5 Fire-Prevention Tips
There are many different causes of home fires, but you can do your best to eliminate the risks. Here are 5.
1. Smoke and Carbon Monoxide Detectors
Install battery-operated smoke and carbon monoxide detectors on each floor of your house. They are essential. You definitely want to be alerted when carbon monoxide levels start getting high.
Carbon monoxide is an odorless, colourless gas that won’t irritate the eyes or breathing passages, making it undetectable.
You should also consider installing smoke detectors that are connected to a central monitoring station that will report alarms to your 911 services.
Replace the batteries as soon as the detector makes a chirping sound or when setting the clocks forward or back.
Once a month, press the test button to make sure the detector is working properly.
Once a year, expose them to smoke (e.g. blow out a candle nearby).
Don’t forget that the average lifespan of a detector is 10 years.
2. A fire extinguisher
Handheld extinguishers will help you put out a small fire, and hopefully help you control it until the firefighters arrive.
When shopping for extinguishers, consider:
- Certification (ULC’s Fire and Security Alarm System Certificate)
- Weight (less than 5 pounds)
- Ability to put out solid (paper, wood, cardboard, etc.) and liquid combustible fires, as well as electric fires (appliances).
Keep extinguishers handy, but out of reach of children.
Follow the manufacturer’s recommended maintenance guidelines, and replace extinguishers every 6 years.
3. An evacuation plan
To ensure an effective evacuation for everyone living under your roof, plan ahead and prepare a fire safety plan.
This plan must show:
- Emergency exits (front door, windows, etc.)
- A path to each exit
- A muster station that is accessible year-round
- The location of the smoke and carbon monoxide detectors
Find a safe place from where to call 911. When your house is on fire, you might forget to bring your phone!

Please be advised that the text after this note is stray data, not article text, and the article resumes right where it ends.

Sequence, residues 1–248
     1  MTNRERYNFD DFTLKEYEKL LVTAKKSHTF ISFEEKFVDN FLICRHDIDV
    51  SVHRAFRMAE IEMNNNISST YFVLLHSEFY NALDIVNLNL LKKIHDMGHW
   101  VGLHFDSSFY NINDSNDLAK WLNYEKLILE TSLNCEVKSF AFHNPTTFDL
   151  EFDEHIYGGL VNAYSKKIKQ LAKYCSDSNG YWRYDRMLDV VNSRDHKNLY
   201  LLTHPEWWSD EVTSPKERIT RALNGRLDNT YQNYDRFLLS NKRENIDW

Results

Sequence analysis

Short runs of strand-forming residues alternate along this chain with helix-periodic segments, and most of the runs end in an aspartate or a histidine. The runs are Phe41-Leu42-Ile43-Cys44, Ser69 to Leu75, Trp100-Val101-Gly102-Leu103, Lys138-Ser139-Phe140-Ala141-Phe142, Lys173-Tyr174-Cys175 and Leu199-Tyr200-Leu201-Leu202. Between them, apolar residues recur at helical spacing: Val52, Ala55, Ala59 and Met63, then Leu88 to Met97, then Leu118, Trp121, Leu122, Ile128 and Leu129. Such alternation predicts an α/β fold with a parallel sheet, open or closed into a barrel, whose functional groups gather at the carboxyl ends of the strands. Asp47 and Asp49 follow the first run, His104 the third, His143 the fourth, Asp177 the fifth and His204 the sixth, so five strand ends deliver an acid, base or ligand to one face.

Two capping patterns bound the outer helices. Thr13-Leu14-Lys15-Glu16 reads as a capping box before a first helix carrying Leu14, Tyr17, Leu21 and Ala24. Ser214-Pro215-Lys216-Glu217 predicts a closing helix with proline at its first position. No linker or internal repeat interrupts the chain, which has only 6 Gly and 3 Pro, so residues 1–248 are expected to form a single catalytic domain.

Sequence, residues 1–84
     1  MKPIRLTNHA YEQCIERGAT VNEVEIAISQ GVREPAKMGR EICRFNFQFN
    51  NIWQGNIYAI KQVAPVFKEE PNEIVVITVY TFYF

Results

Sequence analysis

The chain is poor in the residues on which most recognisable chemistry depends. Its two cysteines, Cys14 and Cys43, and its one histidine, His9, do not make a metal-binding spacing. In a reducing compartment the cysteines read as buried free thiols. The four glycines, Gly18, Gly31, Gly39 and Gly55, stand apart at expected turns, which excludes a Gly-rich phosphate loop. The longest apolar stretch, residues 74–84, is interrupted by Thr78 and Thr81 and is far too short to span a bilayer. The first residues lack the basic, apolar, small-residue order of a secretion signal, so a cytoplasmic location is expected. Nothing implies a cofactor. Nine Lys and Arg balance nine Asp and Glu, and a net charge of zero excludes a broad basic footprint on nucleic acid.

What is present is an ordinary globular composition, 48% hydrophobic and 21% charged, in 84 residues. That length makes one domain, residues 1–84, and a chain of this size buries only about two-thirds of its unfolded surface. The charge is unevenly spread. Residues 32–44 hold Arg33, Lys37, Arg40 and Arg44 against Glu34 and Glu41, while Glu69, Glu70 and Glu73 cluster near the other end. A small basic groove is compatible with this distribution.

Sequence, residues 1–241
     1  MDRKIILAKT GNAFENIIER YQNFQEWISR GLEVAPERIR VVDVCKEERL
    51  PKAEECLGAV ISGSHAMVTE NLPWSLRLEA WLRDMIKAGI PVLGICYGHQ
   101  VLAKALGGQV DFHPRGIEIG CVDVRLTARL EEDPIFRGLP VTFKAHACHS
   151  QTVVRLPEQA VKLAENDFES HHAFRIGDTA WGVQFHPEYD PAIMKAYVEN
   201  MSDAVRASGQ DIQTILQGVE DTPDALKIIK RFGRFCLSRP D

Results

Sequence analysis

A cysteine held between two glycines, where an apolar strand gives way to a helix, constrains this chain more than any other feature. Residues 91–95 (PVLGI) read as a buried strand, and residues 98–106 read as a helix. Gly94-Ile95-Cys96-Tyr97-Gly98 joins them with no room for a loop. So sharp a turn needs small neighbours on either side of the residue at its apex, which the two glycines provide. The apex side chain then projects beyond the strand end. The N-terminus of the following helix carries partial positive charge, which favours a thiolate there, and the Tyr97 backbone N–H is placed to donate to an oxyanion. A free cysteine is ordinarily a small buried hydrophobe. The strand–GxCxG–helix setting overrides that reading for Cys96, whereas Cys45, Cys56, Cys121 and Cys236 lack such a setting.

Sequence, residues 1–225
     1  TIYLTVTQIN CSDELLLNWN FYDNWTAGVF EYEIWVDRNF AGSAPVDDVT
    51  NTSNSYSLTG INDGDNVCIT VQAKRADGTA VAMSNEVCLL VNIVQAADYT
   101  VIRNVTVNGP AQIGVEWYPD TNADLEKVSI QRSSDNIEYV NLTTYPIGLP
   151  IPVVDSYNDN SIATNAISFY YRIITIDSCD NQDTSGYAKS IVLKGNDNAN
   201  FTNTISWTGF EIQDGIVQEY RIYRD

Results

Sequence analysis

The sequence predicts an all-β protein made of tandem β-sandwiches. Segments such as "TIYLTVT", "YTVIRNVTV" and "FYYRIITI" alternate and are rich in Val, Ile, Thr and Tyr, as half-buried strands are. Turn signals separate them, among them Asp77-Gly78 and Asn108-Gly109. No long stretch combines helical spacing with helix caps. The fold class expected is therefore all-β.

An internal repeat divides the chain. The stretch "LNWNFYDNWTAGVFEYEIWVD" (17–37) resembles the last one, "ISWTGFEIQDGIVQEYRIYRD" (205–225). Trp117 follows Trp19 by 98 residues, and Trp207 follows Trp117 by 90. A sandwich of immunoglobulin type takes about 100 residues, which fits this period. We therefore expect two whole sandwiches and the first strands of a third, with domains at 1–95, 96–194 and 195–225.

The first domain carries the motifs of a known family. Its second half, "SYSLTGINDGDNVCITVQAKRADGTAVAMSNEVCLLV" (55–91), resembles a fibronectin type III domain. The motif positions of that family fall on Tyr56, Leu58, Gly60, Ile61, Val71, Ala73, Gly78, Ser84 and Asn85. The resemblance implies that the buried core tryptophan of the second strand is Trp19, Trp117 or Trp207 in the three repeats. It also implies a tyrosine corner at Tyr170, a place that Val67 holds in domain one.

With a stopwatch in hand, perform an evacuation exercise. Consider doing this when changing the batteries in your detector.
4. Use cigarettes and vaping devices responsibly
Smoking electronic or traditional cigarettes poses a fire risk. Be careful!
- Never leave lit cigarettes unattended
- Keep lighters and matches away from children
- Use a deep ashtray on a sturdy surface
- Smoke outside, and avoid tossing the butts into flowerpots or the garden
- Do not smoke while lying down
- Lightly douse your ashtray with water before throwing out the butts and ash
- Avoid smoking while intoxicated (alcohol or drugs)
- Do not smoke next to flammable products
Manipulate your vaping device with care:
- Follow the manufacturer’s recommendations
- Avoid overloading the device’s battery
- Use the cables provided by the manufacturer (charger, USB cable, etc.)
- Carry your e-cigarette in its case to avoid it coming into contact with metal
5. A clutter-free home
To reduce the risk of fire, get rid of useless junk that is simply taking up space, like newspapers and circulars.
Clutter makes it hard to walk around the house, which will make it that much more difficult for firefighters to control the fire.